It is ironic that a drug most often prescribed to relieve anxiety should have become a party drug. “Xanie-popping” is now a recognized activity among young people looking for thrills. A powerful depressant, Xanax (alprazolam) is among the many prescription drugs currently being diverted from medical use to satisfy the cravings of people looking to get high. Nearly 800,000 web sites sell prescription medication; only a fraction of them are legal or regulated. Xanax abuse contributed to the nearly 2 million cases of prescription drug dependence reported in 2007.
Abuse of Xanax and other prescription drugs is growing among all age groups, in every state, but is a particular problem among young people, as shown below:
Where does the thrill come from? Like other drugs which act upon the central nervous system, Xanax, a benzodiazepine, interacts chemically with the brain. It slows neurotransmitters, inducing a calm, drowsy state when used properly. Xanax abusers, however, crave the euphoria it brings, which is enhanced when the pills are crushed and the powder inhaled. This “hit” acts on the brain’s pleasure centers, creating an intense feeling of well-being that becomes more and more difficult to capture with continued Xanax abuse. As the body builds up tolerance to it, a physical dependency develops, side by side with a psychological craving that continues even if the drug toxins no longer reside in the body. At this point, Xanax abuse has become Xanax addiction.
While many cases of Xanax addiction are accidental, arising from legitimate prescriptions, the problem of recognizing and treating the abuse remains. Loved ones may have no inkling that someone close to them is struggling with Xanax. Seeking continued renewals of the prescription should be a red flag. Physical symptoms to watch for include:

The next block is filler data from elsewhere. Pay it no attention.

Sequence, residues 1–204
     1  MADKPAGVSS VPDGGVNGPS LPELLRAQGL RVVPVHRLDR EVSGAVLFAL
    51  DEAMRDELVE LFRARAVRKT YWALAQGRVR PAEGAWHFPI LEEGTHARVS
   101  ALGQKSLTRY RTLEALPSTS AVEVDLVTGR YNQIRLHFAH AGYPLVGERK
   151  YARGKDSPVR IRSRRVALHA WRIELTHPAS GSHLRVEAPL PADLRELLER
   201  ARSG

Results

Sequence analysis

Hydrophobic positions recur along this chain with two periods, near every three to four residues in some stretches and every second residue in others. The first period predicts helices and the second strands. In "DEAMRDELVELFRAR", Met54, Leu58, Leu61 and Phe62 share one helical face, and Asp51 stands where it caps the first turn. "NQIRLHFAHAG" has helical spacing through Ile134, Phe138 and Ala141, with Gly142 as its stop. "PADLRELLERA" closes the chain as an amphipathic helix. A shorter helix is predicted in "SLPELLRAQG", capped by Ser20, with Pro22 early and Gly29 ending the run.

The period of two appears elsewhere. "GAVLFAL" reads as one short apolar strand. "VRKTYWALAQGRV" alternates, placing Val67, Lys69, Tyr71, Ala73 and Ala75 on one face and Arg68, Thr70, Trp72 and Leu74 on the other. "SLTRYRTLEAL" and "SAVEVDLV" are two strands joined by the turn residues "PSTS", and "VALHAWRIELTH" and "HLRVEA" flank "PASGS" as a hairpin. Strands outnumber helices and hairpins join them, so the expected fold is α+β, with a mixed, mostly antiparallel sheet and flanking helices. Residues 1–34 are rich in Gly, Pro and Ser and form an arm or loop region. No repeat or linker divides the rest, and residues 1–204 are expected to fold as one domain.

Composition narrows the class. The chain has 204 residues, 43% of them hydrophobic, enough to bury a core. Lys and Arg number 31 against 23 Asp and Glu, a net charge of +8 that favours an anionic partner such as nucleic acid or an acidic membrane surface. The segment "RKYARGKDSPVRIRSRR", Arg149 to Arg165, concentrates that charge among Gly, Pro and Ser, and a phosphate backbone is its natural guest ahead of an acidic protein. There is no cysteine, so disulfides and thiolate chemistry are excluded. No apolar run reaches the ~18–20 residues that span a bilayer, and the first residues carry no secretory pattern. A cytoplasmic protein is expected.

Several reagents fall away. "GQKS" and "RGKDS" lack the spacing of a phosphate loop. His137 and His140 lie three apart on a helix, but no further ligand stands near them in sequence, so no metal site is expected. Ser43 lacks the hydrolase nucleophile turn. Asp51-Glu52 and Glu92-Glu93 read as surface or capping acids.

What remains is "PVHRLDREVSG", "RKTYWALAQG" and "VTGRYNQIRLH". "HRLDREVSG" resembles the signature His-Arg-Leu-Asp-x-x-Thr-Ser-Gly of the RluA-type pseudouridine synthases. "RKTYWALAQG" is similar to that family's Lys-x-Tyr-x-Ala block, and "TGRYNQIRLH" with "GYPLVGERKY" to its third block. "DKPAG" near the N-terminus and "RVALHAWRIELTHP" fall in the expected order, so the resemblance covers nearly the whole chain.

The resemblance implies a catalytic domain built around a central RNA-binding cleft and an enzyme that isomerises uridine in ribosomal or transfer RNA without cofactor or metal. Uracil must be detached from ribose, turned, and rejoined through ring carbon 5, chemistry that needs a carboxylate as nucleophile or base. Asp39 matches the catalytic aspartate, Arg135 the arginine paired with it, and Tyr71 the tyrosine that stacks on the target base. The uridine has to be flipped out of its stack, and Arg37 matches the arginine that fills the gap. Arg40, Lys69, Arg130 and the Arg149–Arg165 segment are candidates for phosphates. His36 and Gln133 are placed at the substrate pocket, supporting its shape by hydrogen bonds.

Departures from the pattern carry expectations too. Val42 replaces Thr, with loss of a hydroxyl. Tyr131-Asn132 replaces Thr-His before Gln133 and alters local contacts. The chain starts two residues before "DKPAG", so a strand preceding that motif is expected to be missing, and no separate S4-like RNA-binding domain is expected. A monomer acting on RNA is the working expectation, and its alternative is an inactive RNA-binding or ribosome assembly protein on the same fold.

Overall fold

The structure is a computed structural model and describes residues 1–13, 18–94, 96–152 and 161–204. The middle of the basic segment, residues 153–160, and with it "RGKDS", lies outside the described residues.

Any suspected Xanax abuse should be treated immediately. Xanax withdrawal symptoms can be severe and unpleasant. Xanax is particularly difficult to quit because sudden stoppage of the drug enhances the original symptoms of anxiety and panic for which it was prescribed. The calm cocoon it produces has been shattered, and the abuser is left with heart palpitations, acute anxiety, nausea, and sleeplessness.
Treatment for Xanax addiction should begin with an evaluation by a doctor trained in treating addiction. Per a study by the National Center on Addiction and Substance Abuse at Columbia University, over 40% of physicians are reluctant to discuss substance abuse issues with patients. Addiction specialists at one of the 13,600 drug and alcohol treatment centers located around the United States may be better able to evaluate the severity of a particular Xanax dependency and recommend the proper course of treatment. Generally this will involve inpatient or outpatient detoxification,followed by comprehensive counseling and behavior modification to address the emotional dependence and discourage relapse.
People with a Xanax addiction are urged to seek help as early as possible to prevent abuse from become full-blown addiction.